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## Lesson Plan

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This lesson provided by:
 Author: Daryl Hyde System: Shelby County School: Chelsea Park Elementary School

General Lesson Information
 Lesson Plan ID: 33134 Title: You Sank My Coordinate Plane! (an introductory lesson in coordinate planes) Overview/Annotation: If you grab a bunch of jump ropes and tell your kids you're going outside, you can trick them into thinking they are getting recess. Instead, you can surprise them with a math lesson about how to identify the points on the coordinate plane! This is a College- and Career-Ready Standards showcase lesson plan.

Associated Standards and Objectives
Content Standard(s):
 MA2015 (5) 23. Use a pair of perpendicular number lines, called axes, to define a coordinate system with the intersection of the lines (the origin) arranged to coincide with the 0 on each line and a given point in the plane located by using an ordered pair of numbers, called its coordinates. Understand that the first number indicates how far to travel from the origin in the direction of one axis, and the second number indicates how far to travel in the direction of the second axis, with the convention that the names of the two axes and the coordinates correspond (e.g., x-axis and x-coordinate, y-axis and y-coordinate). [5-G1] MA2015 (5) 24. Represent real-world and mathematical problems by graphing points in the first quadrant of the coordinate plane, and interpret coordinate values of points in the context of the situation. [5-G2]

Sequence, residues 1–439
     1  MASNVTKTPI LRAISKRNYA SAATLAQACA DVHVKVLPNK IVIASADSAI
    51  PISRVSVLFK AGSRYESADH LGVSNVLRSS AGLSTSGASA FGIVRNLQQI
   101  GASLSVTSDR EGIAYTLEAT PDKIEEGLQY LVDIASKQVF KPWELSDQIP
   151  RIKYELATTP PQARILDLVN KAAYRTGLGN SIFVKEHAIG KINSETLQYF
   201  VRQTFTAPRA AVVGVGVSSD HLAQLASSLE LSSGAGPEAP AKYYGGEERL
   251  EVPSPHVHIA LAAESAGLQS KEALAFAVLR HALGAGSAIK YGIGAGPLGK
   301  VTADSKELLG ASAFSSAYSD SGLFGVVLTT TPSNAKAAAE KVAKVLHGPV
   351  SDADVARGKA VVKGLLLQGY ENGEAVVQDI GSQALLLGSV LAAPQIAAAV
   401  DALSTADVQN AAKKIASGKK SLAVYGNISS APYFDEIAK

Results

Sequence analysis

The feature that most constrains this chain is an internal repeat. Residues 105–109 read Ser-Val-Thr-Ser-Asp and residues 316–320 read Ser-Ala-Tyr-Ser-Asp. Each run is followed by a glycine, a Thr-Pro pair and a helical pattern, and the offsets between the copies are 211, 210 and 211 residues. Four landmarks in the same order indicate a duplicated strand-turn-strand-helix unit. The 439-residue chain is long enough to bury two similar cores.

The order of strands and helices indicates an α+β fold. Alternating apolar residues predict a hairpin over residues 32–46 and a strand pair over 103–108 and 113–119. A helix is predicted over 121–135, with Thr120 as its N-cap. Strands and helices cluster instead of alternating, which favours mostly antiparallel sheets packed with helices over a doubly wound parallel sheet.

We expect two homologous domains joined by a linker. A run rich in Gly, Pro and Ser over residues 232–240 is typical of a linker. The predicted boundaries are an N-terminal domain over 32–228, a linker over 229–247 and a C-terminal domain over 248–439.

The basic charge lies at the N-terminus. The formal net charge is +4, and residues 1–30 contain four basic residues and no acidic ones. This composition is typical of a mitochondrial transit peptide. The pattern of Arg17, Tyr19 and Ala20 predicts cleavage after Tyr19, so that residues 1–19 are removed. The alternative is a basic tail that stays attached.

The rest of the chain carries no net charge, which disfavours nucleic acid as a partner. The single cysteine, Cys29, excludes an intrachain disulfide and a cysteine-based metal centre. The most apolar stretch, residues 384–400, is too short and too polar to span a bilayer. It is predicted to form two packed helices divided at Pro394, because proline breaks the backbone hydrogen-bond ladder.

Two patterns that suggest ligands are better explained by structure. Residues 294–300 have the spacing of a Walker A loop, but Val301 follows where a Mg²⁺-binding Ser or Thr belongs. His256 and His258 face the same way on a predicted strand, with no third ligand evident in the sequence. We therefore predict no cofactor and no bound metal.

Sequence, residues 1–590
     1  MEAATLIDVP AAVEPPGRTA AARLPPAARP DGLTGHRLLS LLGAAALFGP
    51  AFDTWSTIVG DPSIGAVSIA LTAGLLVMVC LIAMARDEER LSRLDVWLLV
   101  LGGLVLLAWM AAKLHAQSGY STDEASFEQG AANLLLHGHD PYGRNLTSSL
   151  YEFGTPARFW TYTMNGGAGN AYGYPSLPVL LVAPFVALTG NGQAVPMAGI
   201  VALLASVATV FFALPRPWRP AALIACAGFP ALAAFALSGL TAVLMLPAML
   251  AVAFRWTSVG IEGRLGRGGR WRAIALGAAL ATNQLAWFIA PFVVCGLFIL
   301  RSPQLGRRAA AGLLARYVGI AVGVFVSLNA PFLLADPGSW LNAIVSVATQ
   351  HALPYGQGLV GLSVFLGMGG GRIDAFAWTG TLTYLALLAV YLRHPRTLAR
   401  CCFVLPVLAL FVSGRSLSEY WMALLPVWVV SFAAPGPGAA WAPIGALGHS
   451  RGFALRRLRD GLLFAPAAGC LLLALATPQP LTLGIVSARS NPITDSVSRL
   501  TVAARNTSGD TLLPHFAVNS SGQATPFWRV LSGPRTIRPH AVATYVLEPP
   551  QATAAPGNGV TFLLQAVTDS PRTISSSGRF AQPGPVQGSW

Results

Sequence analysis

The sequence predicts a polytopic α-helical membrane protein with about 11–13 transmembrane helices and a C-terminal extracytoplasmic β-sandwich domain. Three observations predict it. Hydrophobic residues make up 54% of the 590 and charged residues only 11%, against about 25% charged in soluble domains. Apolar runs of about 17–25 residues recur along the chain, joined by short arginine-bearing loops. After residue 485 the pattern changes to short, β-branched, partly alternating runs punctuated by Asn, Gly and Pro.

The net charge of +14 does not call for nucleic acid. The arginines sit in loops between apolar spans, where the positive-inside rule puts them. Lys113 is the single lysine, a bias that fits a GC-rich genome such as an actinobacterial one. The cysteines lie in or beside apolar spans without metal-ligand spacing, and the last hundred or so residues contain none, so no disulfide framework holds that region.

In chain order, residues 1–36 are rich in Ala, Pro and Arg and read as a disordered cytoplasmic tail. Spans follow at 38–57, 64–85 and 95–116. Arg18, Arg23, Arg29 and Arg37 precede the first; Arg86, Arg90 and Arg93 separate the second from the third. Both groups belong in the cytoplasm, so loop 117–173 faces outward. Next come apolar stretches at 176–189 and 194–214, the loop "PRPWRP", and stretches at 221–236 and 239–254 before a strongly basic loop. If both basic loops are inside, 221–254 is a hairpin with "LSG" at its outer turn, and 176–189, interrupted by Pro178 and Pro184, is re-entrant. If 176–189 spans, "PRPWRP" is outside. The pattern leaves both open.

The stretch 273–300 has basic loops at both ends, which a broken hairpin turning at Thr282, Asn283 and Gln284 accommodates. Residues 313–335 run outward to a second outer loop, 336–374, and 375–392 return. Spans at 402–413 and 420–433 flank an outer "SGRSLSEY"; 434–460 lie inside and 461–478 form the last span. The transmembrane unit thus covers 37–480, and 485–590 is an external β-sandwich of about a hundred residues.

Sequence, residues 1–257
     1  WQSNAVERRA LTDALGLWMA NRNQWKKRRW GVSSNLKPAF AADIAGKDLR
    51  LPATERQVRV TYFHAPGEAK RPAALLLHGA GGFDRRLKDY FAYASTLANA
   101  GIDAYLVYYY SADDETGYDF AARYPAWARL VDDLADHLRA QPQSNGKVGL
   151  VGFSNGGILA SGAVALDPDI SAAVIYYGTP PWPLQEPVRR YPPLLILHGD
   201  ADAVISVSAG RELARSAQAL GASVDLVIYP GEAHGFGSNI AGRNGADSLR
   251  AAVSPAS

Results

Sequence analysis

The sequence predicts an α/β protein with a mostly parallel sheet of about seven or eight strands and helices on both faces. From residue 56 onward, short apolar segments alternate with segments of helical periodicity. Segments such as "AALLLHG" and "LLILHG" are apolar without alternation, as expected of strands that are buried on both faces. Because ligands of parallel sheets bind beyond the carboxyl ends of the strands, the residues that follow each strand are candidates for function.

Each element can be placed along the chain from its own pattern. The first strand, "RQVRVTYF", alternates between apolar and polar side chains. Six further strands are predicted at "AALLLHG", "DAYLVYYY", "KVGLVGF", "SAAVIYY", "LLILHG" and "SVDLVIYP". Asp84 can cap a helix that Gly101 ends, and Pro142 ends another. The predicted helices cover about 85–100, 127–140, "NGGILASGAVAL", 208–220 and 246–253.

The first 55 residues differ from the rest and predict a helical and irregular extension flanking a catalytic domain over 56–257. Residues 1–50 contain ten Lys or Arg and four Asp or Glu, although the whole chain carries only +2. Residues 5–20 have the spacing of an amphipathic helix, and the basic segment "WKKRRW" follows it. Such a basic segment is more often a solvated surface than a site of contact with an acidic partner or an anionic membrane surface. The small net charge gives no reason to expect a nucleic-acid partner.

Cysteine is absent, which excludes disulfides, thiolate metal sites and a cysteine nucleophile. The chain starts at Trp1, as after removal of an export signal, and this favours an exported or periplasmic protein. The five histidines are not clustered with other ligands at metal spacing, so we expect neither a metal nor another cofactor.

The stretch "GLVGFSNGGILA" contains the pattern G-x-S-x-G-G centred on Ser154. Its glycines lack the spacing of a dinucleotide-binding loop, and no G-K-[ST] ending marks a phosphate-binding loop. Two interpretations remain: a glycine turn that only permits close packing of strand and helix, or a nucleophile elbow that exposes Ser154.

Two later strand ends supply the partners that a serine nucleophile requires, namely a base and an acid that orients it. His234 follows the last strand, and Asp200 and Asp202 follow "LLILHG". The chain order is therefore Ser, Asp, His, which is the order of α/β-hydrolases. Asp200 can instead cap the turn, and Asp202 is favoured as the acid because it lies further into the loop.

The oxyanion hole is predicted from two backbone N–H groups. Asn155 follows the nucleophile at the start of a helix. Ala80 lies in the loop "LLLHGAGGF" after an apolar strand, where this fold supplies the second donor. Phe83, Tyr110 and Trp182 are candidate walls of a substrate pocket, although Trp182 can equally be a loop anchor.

Local/National Standards:

Primary Learning Objective(s):

Students will be able to identify the four quadrants, point of origin, both the x and the y axis, and an (x,y) position on the coordinate plane--first on the playground, and then on paper.

Preparation Information
 Total Duration: 31 to 60 Minutes Materials and Resources: Graph Paper and Pencils/Pens--This is for when you finish up outside and come back into the classroom.Jump Ropes--You will need as many jump ropes as you can find, since you are creating a "life-sized" x and y axis, and the bigger you can make it, the more room your students will have, and the less likely they will become clumped together, unable to move. (I use eight 16-foot jump ropes, 4 ropes for each axis.)Whistle (recommeded, not required)--This is useful for corraling ten-year-olds who are super excited about doing a math activity instead of getting recess. Technology Resources Needed: Interactive whiteboard with a coordinate plane template (Otherwise, just spend a few extra minutes creating the biggest coordinate plane you can on your whiteboard, using different colors for the axis and for the points). Background/Preparation: Familiarity with a number line is very helpful, since the x axis is the untouched number line, and the y axis is the number line rotated 90 degrees counterclockwise.  And if your kids already know what the x and y axis are, they can set up the jumpropes for you!

Procedures/Activities: